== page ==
Based on zero inside knowledge, I’m guessing the cast of Joseph Gordon-Levitt’s directing debut, Don Jon, was crazy happy on set. You can tell. Happy actors do it not just for themselves but also for their co-stars and director (in this case their co-star): They’re like musicians trying to make one another’s mouths drop. The movie is a broad ethnic comedy, but there’s nothing broad about the wicked-smart way it’s executed. Even long-played-out stereotypes take on new life. Don Jon suggests the reason for Guidos acting like Guidos and JAPS like JAPS: It’s their existential comfort zone. And it’s easier than opening themselves up.
Gordon-Levitt plays the compulsive seducer Jon Martello, dubbed “Don Jon” by his friends in a nod to Dons Juan and Giovanni. But his hell doesn’t arrive with a statue. It’s right there in the sex act. In voice-over, the modern Don Juan complains about the missionary position and having to look at women’s faces. Giving nether-region pleasure is his worst nightmare. While his latest conquests slumber, he turns on his computer and jacks off to porn: It’s the only way, he says, he can “lose himself.” One night at a club, he spies Barbara Sugarman (Scarlett Johansson), a ten-out-of-ten, but she won’t go home with him. She makes him woo her, go back to college, and prove he can rise above the service class. And he’s surprised at how much he likes playing “the long game” and showing her off to envious friends and family. But he still can’t quit that Internet porn.
Gordon-Levitt came of age in 3rd Rock From the Sun, and there’s a sitcom residue here in the way his features freeze into a mask of cockiness or mock-dismay. But then he’ll relax his face and look human: tension, release; mugging, being. Each actor has his or her own attack. Scar-Jo is dizzyingly fast: She detonates every Jersey diphthong. Her gum-cracking Barbara is gorgeous and terrifying. She likes sex, but she’s playing the long game, too, molding her man, topping from the bottom. The idea that he’d turn to the Internet revolts her. Porn is not just for losers. It also stands for a string she can’t pull.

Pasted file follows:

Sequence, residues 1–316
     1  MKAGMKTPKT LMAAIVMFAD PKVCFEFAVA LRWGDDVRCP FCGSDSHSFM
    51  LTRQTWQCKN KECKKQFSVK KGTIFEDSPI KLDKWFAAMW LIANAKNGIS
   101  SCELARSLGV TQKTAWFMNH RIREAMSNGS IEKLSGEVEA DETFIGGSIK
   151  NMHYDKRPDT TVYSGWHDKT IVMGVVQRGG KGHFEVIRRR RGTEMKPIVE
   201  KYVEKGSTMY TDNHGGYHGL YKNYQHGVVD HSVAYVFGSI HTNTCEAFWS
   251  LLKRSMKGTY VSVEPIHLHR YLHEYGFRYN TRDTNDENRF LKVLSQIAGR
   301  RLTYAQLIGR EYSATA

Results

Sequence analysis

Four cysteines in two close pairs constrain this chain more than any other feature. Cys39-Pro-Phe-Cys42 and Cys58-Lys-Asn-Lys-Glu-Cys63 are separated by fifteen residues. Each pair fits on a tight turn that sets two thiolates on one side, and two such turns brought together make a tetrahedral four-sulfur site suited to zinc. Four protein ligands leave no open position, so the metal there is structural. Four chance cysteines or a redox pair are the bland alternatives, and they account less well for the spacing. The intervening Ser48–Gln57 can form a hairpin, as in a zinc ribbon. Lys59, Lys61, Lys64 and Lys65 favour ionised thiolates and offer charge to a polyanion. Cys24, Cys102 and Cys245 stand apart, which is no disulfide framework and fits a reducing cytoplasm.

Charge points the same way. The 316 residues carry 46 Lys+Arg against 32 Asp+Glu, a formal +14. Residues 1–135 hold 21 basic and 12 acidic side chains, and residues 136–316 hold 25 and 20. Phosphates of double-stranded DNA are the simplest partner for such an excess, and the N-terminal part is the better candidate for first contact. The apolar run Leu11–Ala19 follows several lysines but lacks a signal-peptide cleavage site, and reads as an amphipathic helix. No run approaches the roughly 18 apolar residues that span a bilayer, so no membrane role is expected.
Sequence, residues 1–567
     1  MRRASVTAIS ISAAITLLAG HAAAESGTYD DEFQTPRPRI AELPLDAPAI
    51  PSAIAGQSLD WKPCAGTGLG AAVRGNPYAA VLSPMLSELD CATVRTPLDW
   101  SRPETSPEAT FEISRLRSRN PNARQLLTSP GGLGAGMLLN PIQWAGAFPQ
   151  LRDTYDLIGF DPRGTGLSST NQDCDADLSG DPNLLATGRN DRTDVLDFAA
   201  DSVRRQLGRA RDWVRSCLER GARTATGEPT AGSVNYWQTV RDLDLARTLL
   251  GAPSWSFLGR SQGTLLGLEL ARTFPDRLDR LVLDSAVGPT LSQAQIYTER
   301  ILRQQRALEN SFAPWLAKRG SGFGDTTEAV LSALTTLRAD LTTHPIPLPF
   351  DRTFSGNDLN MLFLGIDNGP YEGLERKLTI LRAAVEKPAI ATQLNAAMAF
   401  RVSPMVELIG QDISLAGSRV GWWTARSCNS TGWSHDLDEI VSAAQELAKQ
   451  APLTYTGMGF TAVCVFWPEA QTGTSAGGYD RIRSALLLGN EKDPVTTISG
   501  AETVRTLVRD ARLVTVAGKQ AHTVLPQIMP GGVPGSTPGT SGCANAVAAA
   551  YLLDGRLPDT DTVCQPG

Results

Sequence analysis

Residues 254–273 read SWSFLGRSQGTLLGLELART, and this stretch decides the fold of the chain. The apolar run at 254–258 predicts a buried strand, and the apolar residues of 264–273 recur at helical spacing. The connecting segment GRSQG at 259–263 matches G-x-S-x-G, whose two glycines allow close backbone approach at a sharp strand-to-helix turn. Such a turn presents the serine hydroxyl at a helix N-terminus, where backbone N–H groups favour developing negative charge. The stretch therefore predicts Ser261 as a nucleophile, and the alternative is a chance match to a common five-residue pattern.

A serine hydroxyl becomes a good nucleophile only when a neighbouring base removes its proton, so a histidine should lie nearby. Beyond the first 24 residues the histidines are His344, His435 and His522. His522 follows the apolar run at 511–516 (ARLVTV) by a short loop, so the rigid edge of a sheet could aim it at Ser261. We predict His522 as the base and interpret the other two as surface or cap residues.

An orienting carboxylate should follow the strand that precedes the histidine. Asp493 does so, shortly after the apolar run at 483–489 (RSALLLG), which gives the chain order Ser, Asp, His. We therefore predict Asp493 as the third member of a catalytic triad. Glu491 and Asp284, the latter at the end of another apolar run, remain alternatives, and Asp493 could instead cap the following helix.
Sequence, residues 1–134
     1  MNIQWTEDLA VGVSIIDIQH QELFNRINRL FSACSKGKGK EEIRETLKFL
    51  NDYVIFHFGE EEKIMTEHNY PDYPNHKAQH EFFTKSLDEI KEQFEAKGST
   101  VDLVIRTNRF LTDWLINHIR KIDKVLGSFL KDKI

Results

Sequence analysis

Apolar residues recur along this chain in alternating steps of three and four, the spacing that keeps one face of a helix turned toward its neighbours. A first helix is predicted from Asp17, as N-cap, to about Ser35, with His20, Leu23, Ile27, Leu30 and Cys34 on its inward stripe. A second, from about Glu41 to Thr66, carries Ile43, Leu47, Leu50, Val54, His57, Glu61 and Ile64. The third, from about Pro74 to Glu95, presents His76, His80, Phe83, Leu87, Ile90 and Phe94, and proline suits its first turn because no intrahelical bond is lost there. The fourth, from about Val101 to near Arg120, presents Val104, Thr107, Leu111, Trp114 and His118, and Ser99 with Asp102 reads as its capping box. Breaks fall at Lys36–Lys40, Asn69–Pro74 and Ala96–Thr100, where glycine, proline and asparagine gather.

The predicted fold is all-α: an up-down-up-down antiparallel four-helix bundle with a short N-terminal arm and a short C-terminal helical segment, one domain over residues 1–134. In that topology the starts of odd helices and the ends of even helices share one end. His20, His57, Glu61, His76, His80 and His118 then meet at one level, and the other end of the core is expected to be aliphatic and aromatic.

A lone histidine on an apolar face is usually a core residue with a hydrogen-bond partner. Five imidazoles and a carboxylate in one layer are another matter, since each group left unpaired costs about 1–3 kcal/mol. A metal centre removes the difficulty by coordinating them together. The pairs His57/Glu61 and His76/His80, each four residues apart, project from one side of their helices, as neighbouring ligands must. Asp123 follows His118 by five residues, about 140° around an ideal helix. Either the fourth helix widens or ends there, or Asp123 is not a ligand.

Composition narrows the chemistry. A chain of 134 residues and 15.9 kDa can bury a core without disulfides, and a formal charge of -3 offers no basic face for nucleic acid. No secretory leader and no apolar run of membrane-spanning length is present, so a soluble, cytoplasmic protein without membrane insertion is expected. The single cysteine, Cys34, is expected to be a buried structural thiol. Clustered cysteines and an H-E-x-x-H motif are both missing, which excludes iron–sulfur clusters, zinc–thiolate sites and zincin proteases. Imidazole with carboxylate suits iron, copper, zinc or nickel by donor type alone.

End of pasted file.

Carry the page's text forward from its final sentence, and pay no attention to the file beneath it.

Julianne Moore plays the woman in Jon’s college who sobs outside and then settles in and babbles with dismaying intimacy. This is a rare chance for Moore to merge her gifts for deadpan-motormouth comedy (à la The Big Lebowski) and teary-tremulous drama (à la everything else). Tony Danza and Glenne Headly get a great rhythm going as Jon’s parents, their patter as practiced as this couple’s way of life. (There’s a lifetime of sitcom precision—and heart—in Danza’s performance.) Rob Brown (of Treme) gives a lift to his scenes as Jon’s most thoughtful critic. Brie Larson has a slyly funny cameo as Jon’s sister, whose eyes are riveted to her smartphone. The question hangs: How much peripheral vision does she have?
Gordon-Levitt learned much from the staccato slickness of (500) Days of Summer, but fast doesn’t mean shallow. He’s brilliantly subversive on Catholicism. Jon rattles off his Hail Marys while pumping iron—it’s a narcissistic ritual. Every Sunday, he goes to Mass with his family and takes confession, tidily absolved for wanking and sex out of wedlock. But autopilot absolution gives him no impetus to change, and when he does, his God (via his priest) is indifferent. In Don Jon, religion doesn’t simply allow you to function with your eyes and heart closed—it benefits from tunnel vision. It’s another form of masturbation.
This year’s New York Film Festival opens with Captain Phillips, which I’ll review in two weeks. It starts as another of Paul Greengrass’s shaky-handheld-camera imitation docudramas, this time based on the real story of a captain taken hostage by Somali pirates. But the second half, in a tightly confined, closed lifeboat, is like a vise that keeps tightening, and you can’t believe how much your sympathies keep shifting between Phillips (Tom Hanks) and his now vulnerable captors. And in what kidnapping thriller has the denouement been even more overpowering than the action climax?
Directed by Joseph Gordon-Levitt.
Directed by Paul Greengrass.